Examining Pediatric Myocarditis Risk with COVID-19 Vaccination with Matthew E. Oster, MD, MPH

February 8, 2022
Armand Butera

Armand Butera is the assistant editor for HCPLive. He attended Fairleigh Dickinson University and graduated with a degree in communications with a concentration in journalism. Prior to graduating, Armand worked as the editor-in-chief of his college newspaper and a radio host for WFDU. He went on to work as a copywriter, freelancer, and human resources assistant before joining HCPLive. In his spare time, he enjoys reading, writing, traveling with his companion and spinning vinyl records. Email him at abutera@mjhlifesciences.com.

Cases of the inflammatory heart event occurred 1626 times after an mRNA vaccine dose in US patients from December 2020 to August 2021.

In late January, a team of investigators from the Centers for Disease Control and Prevention (CDC) reported findings from the Vaccine Adverse Event Reporting System (VAERS) indicating a significantly low risk of myocarditis following vaccination with either available messenger RNA (mRNA) vaccine for COVID-19 in persons aged 24 years and younger.

Cases of the inflammatory heart event occurred 1626 times after an mRNA vaccine dose in US patients from December 2020 to August 2021.

Though the prevalence of myocarditis was deemed significantly low (.0000046% of the 353,100,845 total doses of the mRNA vaccines administered at that time), Matthew E. Oster, MD, MPH, of the CDC and the Emory University School of Medicine spoke with HCPLive of the importance of monitoring these events as well as how they fare against what is seen among patients who are not vaccinated against the virus.

“Anytime when vaccines are rolled out, we have an obligation to understand not only benefits but also risks to put everything into a good benefit-risk assessment,” Oster said. “As we started seeing reports and hearing about cases of myocarditis, we really wanted to get a grasp on: how severe is this? How common is it, who's being affected, and what is their clinical picture looking like? So it's kind of going a little bit beyond what we typically do.”

Current data shows that this event has primarily affected young male patients from 12-29 years old. Fortunately, Oster noted that there has been much less of a need for critical care among patients affected, and no deaths were recorded in the cases the CDC has been able to fully investigate.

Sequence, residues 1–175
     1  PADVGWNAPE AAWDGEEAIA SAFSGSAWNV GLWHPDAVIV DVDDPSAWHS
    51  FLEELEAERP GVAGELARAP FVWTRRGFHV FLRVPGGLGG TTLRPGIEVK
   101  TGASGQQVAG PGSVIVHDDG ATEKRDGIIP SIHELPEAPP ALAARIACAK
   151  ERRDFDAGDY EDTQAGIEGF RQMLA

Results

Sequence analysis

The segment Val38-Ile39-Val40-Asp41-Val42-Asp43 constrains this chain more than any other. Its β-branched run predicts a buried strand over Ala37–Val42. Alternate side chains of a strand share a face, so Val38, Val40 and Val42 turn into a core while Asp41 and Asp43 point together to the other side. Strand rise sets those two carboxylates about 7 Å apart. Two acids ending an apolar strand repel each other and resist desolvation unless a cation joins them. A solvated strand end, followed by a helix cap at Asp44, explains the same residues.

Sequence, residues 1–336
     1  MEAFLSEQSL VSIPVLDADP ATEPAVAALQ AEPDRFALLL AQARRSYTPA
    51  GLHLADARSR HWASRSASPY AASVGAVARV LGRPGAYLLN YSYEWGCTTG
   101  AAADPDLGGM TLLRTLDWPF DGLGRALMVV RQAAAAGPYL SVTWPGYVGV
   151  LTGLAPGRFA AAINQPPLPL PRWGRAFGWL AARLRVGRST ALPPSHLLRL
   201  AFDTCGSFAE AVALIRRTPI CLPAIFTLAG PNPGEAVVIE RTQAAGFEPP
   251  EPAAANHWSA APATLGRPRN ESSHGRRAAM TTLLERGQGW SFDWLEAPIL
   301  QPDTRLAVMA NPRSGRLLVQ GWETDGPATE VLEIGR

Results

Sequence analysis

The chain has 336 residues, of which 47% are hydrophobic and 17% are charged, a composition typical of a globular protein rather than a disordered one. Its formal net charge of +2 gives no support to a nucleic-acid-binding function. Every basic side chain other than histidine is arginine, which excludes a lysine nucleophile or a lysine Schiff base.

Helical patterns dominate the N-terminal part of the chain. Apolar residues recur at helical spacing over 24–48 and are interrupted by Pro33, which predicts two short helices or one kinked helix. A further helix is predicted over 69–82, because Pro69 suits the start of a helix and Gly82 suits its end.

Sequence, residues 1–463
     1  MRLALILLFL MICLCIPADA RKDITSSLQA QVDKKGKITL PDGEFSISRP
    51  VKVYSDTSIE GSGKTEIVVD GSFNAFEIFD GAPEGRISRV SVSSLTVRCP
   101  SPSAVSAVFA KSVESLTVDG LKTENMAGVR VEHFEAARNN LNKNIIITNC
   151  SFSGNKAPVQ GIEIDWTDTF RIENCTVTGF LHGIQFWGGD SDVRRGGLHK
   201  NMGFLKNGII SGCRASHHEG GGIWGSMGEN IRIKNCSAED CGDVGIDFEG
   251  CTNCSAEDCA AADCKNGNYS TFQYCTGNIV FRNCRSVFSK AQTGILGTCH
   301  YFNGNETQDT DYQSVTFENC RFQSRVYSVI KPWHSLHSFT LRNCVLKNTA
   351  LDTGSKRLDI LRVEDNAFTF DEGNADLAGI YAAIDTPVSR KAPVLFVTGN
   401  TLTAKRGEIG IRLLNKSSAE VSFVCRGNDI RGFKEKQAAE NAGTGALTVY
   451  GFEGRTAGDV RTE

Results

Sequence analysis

By most accounts, these cases of myocarditis are milder with a quick resolution of symptoms and minimal treatment required. In each reported case, Oster noted that the CDC are keeping in contact with those affected, as well as their providers and available cardiologists.

“I know it's scary when we're talking about kids and having myocarditis from having a vaccine, but it's still not nearly as common as having heart involvement and COVID-19,” Oster said. “When you have COVID-19, a number of things can happen related to the heart.”

Acute and severe heart infections among patients infected with COVID-19 have been reported. Oster referenced one particular case in which a young, unvaccinated patient was sent to the cardiac intensive care unit due to infection (what Oster referred to as an “avoidable outcome”).

Additionally, heart inflammation has been significantly linked to COVID-19 infections, as has multisystem inflammatory syndrome in children. Though the latter affects about 1 in every 3000 children who are infected by the virus, about 80% of those cases will result in some sort of cardiac involvement.

Though myocarditis has been reported in some of the national meetings, Oster reiterated that the rates of myocarditis in younger children appears to be much lower than what was seen in older children/young adults, adding that the benefits of vaccine outweigh the risks of COVID-19 infection.

“There's a lot that can affect the heart as a result of COVID-19, and because of that we think the benefits of getting vaccinated and avoiding those bad outcomes still outweighs the risk of myocarditis,” Oster said. “It’s real, it is there, and something we need to monitor and watch. But it is still much lower than the risk of getting cardiac effects from COVID-19.”


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